Sausage is eaten all over the world. According to the International Natural Sausage Casing Association, Alexandria, Egypt, it’s the oldest and most enduring form of processed meat.

In the beginning, sausage relied on natural casings — the intestines of animals — but today options have expanded and natural casings have been joined by collagen, cellulose, fibrous and plastic options, plus plant-based alginate, which is coextruded along with the meat.

Despite a wider array of choices, many sausage makers large and small continue to rely on natural casings. Norm Heinle, owner of The Sausage Shoppe, a Cleveland, Ohio, icon that’s been in business since 1938, uses beef, sheep and hog casings for both traditional and self-developed recipes.

Hog and sheep casings dominate at the Sausage Shoppe, although beef rounds are used for rice sausage. The sheep casings are narrower in diameter, ranging from 20 to 27 millimeters (mm), and usually come from New Zealand.

“I don’t think we have anyone cleaning casings any more in the United States,” Heinle says. Sheep casings are classified Class A or Class B. Heinle reports, “We use Class A, which offers a smoother surface.” The sheep casings provide a tender “skin” for Sausage Shoppe’s premium smokies, breakfast links and German wieners. “We have 15 flavors of smokies now. Everyone wants on-the-go products,” he notes. 

Hog casings, which are a bit tougher and offer a larger diameter than sheep casings, are used for the company’s 25 flavors of bratwurst. The bratwurst range consists of traditional old-world recipes as well as many award winners developed during the past 20 years. Flavors range from mild white traditional brats to medium Honey Chipotle and hot Cherry Bomb. “We’re trying to keep it going with new ideas and flavors,” Heinle says. A 35-38 mm hog casing is used for smoked and fresh kielbasi and Italian sausage. For maximum tenderness, Heinle advises frying products in hog casings, or putting the product in cold water, bringing it to a boil and then simmering.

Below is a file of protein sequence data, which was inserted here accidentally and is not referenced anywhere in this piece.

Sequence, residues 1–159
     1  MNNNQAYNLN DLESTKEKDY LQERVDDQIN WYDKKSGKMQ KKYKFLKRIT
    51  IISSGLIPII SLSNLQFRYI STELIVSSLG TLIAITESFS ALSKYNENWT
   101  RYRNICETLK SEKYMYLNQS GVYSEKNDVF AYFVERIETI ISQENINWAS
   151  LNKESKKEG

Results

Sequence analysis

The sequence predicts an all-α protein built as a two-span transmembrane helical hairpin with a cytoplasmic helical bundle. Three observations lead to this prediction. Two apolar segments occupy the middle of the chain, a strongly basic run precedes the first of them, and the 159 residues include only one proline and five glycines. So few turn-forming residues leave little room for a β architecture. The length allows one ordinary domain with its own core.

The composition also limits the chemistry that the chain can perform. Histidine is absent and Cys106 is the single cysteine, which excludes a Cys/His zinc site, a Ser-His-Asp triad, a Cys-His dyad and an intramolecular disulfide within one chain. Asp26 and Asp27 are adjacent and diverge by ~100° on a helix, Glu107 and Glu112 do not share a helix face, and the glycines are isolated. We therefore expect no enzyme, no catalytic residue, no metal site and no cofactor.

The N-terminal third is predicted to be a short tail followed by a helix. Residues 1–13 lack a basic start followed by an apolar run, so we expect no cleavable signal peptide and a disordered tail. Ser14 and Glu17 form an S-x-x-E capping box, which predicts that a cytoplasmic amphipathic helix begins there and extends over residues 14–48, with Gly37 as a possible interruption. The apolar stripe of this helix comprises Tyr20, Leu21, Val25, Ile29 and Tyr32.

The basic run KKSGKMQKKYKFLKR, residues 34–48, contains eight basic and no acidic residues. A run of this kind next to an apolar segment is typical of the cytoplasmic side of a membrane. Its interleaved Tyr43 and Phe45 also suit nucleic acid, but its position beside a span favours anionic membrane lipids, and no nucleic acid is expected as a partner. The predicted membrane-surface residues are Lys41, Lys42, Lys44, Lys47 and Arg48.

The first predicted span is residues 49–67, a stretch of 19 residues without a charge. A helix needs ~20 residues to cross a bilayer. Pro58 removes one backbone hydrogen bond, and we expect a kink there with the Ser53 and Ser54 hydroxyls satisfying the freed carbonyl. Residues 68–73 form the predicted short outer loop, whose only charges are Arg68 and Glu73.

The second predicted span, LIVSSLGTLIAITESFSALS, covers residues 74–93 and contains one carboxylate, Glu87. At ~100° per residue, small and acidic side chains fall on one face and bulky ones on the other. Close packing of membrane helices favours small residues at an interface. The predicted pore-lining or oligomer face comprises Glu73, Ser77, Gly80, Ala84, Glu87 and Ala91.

Why natural casings? “This is the way we’ve always done it,” says Heinle, who bought the business, then known as Kirchberger Sausage, in 1974 and still uses recipes Hans Kirchberger brought from Bavaria. “It’s what our customers expect,” he explains. Although The Sausage Shoppe customers are willing to pay for a premium product, costs are a constant concern. As a result, inventory must be carefully controlled. So although natural casings have a relatively long shelf life, Heinle deals with vendors that specialize in smaller volume orders. Being locked into a large minimum order quantity ties up too many resources in inventory for a small business.

Compared to casing, netting plays a small role at The Sausage Shoppe. It’s only used on its Sheffler hams to maintain their shape during smoking. Here too, tradition rules. “We use a cotton weave and soak it in vinegar for about an hour before we put the ham in it,” says Heinle. The vinegar treatment ensures that when the ham is done smoking, the netting peels off easily and doesn’t tear off any skin.

When asked about the biggest changes he’s seen in casing and netting, Heinle cites the development of materials treated with spices or flavorings to create products that offer a different taste profile. While he finds the idea intriguing, he says, “The majority or our customers like natural casings, so that’s where we’ve stayed.”

The flavored casings are not the only innovation casing and netting suppliers have introduced in recent years. Another product-differentiating alternative, shaped fibrous casings, allows sausage makers to move beyond the traditional cylindrical form. Options currently on the market include football and beer bottle shapes.

On the netting side, there appears to be some interest in replacing fibrous and plastic casings with elastic netting. A pre-fixed diameter maximizes uniformity, reduces variation in slice size and increases slicing yield for whole muscle and emulsified ham.  NP